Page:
Employee retention has become a major issue in this competitive world. It’s time for the property management industry to take a serious look at this issue.
By focusing on career development potential, giving employees opportunities to learn new skills, and supporting them during the on boarding process, your property management company will be able to retain the talent.
To build a workforce of employees who are empowered to provide excellent customer service, you’ll need to start by providing all the tools, resources and support they need to succeed. Since they highly value the opportunity to learn new skills and grow into more senior management positions over time, you’ll need to create a company culture where they can advance their careers.
If you’re like other property managers facing this challenge, you may know that your business should make these changes to improve employee retention, but you aren’t sure how to get started. Based on recent research, here are three ways employers often fail their employees, and tips for overcoming these challenges before your top talent looks for opportunities elsewhere.
1. Career Path
It is important for employee retention that you spend time with your employees during the on boarding process getting to know your new hires. Where do they want to be in three years, five years, and ten years? Work on designing and describing clearer career paths. Think about how you or other leaders within your organization made progress toward career goals, and help your employees see the next career milestone that they can achieve if they put in the work. Don’t wait to do this until their annual review — make career mapping part of the orientation.
Give each new employee a company chain of command chart that shows all roles within the organization from entry-level support workers to top management positions. Together, create a list of short-term goals that create a personal path toward the ultimate position desired.
2. Growth Opportunities
Make sure your company supports professional development goals. One way to do this is by creating an internal mentoring program. In-house training programs, practiced in St. Louis Property Management ( https://www.stlouispm.com/) that familiarize employees with on-site technology, property management software, departmental processes and role-specific duties are excellent tools to give staff confidence.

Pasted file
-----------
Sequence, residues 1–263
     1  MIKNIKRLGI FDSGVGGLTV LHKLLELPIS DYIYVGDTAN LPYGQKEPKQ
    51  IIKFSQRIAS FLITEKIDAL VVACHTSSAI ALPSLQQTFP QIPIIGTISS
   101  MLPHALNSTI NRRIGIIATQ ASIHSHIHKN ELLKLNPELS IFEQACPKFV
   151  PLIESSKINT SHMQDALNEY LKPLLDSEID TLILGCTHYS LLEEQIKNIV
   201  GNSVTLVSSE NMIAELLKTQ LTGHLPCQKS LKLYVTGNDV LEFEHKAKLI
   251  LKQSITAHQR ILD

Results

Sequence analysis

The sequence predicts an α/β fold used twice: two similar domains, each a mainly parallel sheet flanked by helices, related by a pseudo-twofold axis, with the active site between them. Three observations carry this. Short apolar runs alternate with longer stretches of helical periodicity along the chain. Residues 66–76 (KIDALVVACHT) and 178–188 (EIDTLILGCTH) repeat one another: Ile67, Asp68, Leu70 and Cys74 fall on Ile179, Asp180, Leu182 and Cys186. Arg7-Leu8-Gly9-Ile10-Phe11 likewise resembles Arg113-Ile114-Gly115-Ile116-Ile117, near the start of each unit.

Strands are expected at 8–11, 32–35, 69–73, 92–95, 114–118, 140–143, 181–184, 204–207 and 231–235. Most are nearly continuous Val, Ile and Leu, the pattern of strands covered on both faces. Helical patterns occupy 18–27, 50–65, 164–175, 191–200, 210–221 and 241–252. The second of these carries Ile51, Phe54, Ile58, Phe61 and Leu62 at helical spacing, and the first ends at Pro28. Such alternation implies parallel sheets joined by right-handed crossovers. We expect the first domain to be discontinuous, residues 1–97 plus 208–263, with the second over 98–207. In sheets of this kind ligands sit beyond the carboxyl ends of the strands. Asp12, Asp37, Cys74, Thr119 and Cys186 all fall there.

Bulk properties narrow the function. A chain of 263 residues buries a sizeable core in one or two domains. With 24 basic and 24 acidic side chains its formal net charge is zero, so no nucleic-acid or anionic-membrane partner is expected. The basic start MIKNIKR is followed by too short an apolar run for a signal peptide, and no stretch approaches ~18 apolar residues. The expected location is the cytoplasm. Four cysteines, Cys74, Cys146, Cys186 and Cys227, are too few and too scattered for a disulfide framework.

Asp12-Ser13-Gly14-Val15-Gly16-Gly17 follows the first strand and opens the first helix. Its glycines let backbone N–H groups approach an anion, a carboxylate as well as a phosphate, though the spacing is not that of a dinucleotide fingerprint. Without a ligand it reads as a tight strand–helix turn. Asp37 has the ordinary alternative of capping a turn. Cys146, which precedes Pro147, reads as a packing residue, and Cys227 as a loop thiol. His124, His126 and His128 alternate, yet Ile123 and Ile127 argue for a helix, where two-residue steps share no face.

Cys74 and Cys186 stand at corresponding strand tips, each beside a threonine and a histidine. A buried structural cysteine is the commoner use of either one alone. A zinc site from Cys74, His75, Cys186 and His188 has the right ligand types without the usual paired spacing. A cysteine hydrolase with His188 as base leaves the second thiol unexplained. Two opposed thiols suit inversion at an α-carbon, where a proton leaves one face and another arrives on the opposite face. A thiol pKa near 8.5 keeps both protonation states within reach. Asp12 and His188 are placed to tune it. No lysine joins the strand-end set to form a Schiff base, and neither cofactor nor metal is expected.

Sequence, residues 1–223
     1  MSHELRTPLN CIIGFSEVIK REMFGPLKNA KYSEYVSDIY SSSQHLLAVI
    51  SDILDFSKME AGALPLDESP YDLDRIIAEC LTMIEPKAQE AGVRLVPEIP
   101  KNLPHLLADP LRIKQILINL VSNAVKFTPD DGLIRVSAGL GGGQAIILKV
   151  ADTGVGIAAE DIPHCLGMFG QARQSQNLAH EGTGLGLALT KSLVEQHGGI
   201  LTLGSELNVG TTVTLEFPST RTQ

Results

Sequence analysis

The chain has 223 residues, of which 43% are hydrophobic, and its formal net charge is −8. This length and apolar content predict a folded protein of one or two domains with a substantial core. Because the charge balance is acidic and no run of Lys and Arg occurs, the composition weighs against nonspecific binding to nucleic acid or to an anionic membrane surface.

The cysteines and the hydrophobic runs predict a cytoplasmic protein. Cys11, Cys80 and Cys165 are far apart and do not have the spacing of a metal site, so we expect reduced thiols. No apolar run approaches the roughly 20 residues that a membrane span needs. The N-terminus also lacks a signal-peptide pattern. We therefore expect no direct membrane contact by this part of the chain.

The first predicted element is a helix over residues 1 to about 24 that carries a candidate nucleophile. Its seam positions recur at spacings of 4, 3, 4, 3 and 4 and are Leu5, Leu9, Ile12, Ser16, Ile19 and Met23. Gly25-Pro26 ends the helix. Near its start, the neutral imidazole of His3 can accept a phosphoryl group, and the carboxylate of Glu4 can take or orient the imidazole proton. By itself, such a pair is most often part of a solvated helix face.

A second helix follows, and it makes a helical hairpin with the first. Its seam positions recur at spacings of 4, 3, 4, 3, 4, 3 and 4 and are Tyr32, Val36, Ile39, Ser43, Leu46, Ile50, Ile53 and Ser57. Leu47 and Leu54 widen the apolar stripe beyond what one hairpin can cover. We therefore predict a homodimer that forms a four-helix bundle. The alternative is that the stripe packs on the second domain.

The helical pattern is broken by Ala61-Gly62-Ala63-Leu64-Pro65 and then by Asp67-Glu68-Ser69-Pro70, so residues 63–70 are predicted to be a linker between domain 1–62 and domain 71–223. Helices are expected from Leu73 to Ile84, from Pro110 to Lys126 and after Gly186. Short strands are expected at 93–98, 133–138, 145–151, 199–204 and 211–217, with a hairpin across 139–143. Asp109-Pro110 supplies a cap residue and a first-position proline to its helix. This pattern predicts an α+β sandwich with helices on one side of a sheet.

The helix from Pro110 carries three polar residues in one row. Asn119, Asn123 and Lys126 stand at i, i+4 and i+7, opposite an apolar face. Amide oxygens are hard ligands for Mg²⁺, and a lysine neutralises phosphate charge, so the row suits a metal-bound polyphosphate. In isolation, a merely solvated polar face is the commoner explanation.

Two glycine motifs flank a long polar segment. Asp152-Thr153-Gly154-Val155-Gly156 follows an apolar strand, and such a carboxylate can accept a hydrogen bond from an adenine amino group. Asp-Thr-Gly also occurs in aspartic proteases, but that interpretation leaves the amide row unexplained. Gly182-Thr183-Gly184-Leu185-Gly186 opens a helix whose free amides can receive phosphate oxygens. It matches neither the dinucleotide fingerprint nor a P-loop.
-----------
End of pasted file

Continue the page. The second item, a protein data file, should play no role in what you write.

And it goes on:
Another sign a company cares about career advancement is adding tuition reimbursement to the benefits package. Explain what skills or knowledge an employee will need to take the next step on their career path. Maybe it’s by taking classes, acquiring industry licenses or credentials, or attending professional development workshops. Consider budgeting some money to support them in reaching these goals. After all, career development costs money, but turnover is even more expensive.
3. Supportive Company Culture
In addition to the tech tools your company offers, also review the company perks package. Here are a few considerations that will help improve employee retention:
- Competitive salary
- Flexibility to work from home or while traveling when necessary
- Generous sick and paid time off policy.
Ultimately, employee retention is a problem that can be solved if your organization is willing to make a few important changes.
To avoid losing talent and incurring the high costs of employee turnover, you’ll need to create a culture that supports professional and personal growth. Encourage feedback. Provide excellent training and technology to make work more efficient. Ask your employees what will help them manage their workload better and reduce job-related stress.
By taking some time to figure out what your employees need and what changes the company can make to support their goals, your organization will also be more likely reach its own goals in the long run.